No Grounds to Stand On: Analyzing the Case Against Lil’ Bill

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The video was all over Facebook, trailed by hundreds of angry comments from USC students. The reason? “I’ve been asked to leave the campus,” says Aaron Flournoy in the clip. “It’s like an eviction so to speak.”

The word “eviction” glares in bright gold from its subtitle on the screen, as if daring someone to object to its usage. First covered by Annenberg Media on March 31 by Cole Sullivan, the story of Lil’ Bill’s Bike Shop has frequently been spun as an economic injustice, for reasons that have little economic justification.

Lil’ Bill was being “evicted” from campus, because Solé Bicycles was becoming a vendor for USC Village. Solé and the university had agreed to sign a non-compete clause, preventing USC from allowing a competitor like Lil’ Bill to sell bikes on campus with a business move that has been virtually banned from California, except in three circumstances:  

  1. When one business acquires another
  2. When a partnership is dissolved
  3. Limited Liability Companies (LLCs)

USC isn’t acquiring Solé. The two had no preexisting partnership, and are not involved in an LLC, so none of the three circumstances apply. Has Lil’ Bill been illegally targeted?

When asked to elaborate on the specifics of the non-compete in an email exchange, David Donovan, Associate Director of USC Transportation, who has previously addressed media inquiries regarding the Village, declined to respond. Even so, studying the case history of non-competes in California may offer an answer.

An exception to California’s strict criteria for non-competes emerged in Campbell v. Board of Trustees of Leland Stanford Junior Univ., 817 F.2d 499 (9th Cir.1987), where the court ruled against Stanford’s contract preventing a professor from reproducing a psychological test he developed. Campbell states that contracts “where one is barred from pursuing only a small or limited part of the business, trade or profession” are valid, and that the burden of proving whether a contract fully bars business is up to the plaintiff.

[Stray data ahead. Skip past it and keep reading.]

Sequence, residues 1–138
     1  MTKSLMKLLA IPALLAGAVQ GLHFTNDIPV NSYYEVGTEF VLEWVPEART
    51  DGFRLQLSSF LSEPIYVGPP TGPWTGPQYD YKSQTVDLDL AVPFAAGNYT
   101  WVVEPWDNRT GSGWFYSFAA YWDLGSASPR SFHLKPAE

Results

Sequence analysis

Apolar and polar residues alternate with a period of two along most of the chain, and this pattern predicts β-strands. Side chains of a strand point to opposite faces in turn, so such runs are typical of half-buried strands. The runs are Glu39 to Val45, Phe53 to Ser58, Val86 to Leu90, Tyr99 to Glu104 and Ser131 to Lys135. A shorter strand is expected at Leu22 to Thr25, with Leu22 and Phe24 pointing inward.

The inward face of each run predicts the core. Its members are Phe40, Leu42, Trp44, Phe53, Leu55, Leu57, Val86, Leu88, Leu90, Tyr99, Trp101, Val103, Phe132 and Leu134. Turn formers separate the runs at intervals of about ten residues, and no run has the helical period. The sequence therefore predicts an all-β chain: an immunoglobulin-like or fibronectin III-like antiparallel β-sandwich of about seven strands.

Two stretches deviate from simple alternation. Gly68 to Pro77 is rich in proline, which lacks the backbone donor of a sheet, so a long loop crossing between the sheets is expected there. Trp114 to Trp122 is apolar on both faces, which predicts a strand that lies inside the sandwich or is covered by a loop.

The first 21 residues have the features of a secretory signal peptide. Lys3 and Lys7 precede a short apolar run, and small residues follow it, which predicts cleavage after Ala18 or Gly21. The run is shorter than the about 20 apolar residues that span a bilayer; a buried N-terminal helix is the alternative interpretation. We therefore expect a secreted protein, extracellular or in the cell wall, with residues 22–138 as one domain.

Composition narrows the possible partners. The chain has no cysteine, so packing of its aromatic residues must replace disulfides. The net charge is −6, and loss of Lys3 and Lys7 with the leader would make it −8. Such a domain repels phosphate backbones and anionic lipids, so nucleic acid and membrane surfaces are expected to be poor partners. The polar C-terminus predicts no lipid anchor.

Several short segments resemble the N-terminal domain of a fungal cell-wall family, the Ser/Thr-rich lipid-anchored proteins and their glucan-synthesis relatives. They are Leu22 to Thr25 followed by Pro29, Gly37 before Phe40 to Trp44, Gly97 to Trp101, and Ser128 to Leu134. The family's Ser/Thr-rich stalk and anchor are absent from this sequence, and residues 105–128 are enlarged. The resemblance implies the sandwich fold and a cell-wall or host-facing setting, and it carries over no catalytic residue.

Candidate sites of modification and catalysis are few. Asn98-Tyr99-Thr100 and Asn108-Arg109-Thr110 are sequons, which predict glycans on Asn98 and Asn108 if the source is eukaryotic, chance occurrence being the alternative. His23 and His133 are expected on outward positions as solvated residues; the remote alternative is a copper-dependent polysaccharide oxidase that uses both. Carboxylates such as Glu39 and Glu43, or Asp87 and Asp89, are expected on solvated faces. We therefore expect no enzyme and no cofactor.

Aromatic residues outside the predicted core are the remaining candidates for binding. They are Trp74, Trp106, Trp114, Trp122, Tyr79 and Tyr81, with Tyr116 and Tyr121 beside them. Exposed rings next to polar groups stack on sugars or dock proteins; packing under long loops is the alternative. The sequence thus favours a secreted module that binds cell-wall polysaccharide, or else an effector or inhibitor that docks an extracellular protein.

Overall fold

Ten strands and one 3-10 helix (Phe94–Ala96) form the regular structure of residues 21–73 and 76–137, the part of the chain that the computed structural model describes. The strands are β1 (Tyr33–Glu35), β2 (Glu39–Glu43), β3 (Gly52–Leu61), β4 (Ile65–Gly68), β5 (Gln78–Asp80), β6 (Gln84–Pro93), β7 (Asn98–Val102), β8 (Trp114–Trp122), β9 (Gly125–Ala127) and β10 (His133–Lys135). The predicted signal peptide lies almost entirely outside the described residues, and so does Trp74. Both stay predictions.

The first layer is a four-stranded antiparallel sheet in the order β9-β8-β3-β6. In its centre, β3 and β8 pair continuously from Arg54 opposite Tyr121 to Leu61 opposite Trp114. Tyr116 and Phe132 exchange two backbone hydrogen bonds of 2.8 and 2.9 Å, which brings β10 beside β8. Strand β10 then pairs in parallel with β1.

This statement became known as the “narrow-restraint” clause, and has since been applied to several other cases. It might be Solé’s justification behind implementing a non-compete clause, which would not fully bar Lil’ Bill from his profession of fixing bicycles. In fact, in Boughton v. Socony Mobil Oil Co., the Ninth Circuit upheld the narrow-restraint clause to allow a non-compete that prevented the use of land for a competitor’s business, rather than prevent the competitor from carrying out business.

The only problem? In 2008, the California Supreme Court overturned the “narrow-restraint” clause in Edwards v. Arthur Andersen LLP, claiming that “if the legislature had intended the statute to apply only to unreasonable or over-broad restraints, it could have included language to indicate so.” While the Court in Edwards agreed with the Boughton decision, the Court argued that restricting use of land did not qualify as a non-compete. Furthermore, California lawyer David Trossen points out that the court claimed Boughton did not offer any guidance on evaluating non-compete, suggesting that using Boughton as a precedent for justifying a non-compete would be risky for Solé.

Yet Solé must have felt threatened enough by Lil’ Bill to risk a non-compete clause. After all, according to the Daily Trojan, Lil’ Bill and his family have been serving the USC community for 40 years. Surely, those 40 years gave enough of a foundation for them to gain significant market power and become a monopoly within the USC community. Perhaps Solé meant to kill Lil’ Bill’s market power.